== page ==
Fourth, you may want to offer to be available for more conversation or assistance in the future. You could say, “I’d be happy to make food for you some time” or “If you’re open to it, let’s talk about animals and ethics” or “I’ve got this great recipe that I think you’d love.”
Altogether, your response might sound something like, “Thanks for asking. It’s difficult for me to watch you eat animals because I care about them, but I respect your choices. How about I make you some vegan tacos next week?”
Of course, what you choose to say and how you choose to say it will depend on your relationship with this person and on how you’re feeling at the moment. Remember that your tone of voice and body language are also powerful communication tools.
Be forgiving of yourself if you can’t muster patience in every conversation or find the right words to say. When you consider the treatment of animals regularly and reflect upon your behavior, you’ll find it easier to respond positively and constructively. And you’ll make a huge difference for animals.
For CAA’s Board Meeting on January 21, we once again gathered remotely. The technology worked very well, and we’re thinking of continuing this format going forward.
After reviewing updates from the Executive Director and the Communications & Events Coordinator, we discussed the results of our year-end fundraising campaign. The number of unique donors and the amount raised were both up over last year. We also reviewed a donation history report that tracks donations over time. The board was pleased to hear that our new staff person, Brita Bengtson, will take over as our bookkeeper.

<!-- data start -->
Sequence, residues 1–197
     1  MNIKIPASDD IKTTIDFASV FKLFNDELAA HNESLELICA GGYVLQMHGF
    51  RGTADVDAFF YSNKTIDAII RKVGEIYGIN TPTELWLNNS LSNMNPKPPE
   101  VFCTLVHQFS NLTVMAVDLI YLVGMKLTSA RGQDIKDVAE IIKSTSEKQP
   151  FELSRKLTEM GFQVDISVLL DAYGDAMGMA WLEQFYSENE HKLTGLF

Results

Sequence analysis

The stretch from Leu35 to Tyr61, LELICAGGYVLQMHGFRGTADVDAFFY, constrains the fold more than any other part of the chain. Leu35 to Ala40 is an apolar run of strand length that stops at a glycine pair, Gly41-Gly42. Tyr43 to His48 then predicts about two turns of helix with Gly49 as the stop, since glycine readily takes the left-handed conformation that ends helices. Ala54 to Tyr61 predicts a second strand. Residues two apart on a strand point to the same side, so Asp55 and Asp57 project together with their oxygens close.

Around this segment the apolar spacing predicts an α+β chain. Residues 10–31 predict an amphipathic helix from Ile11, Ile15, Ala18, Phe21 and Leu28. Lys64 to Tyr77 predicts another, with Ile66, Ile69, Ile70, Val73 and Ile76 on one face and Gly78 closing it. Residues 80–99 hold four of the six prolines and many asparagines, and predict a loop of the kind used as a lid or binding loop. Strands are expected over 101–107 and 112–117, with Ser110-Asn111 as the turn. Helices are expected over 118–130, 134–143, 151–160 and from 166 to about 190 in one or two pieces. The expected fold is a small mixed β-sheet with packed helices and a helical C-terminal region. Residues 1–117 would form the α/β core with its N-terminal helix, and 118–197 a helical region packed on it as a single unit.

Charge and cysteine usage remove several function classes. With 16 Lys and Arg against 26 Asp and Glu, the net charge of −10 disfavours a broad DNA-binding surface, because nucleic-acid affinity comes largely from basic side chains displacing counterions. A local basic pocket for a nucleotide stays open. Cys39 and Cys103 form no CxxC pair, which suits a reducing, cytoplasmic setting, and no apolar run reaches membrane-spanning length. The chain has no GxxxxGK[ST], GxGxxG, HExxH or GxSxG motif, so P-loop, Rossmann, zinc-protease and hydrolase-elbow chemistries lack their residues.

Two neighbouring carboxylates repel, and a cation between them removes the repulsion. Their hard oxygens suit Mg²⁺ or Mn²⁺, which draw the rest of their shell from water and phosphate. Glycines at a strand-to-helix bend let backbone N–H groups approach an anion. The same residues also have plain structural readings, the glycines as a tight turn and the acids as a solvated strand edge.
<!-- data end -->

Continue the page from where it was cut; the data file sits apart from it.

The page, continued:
Next, we turned our attention to our upcoming strategic planning session. We will be taking time in late March to discuss what kinds of objectives we see as most important for the organization. Should we focus more on outreach or on community building? Or should we focus on both? Should we concentrate on helping those who’ve transitioned to a plant-based diet stick with it or should we work on getting people who eat animals to begin eating fewer of them? And how can we measure our progress once we’ve decided on our objectives?
We’ll also be working to articulate in some detail how exactly we see each of the programs we plan to engage in as connecting with our objectives, as well as how to assess them. As a way to help with the project of planning and evaluating programs, we will be reviewing the work of Humane League Labs and Animal Charity Evaluators.
If you find this kind of work interesting, please consider participating in our strategic planning session. We’ll be meeting on Saturday, March 26.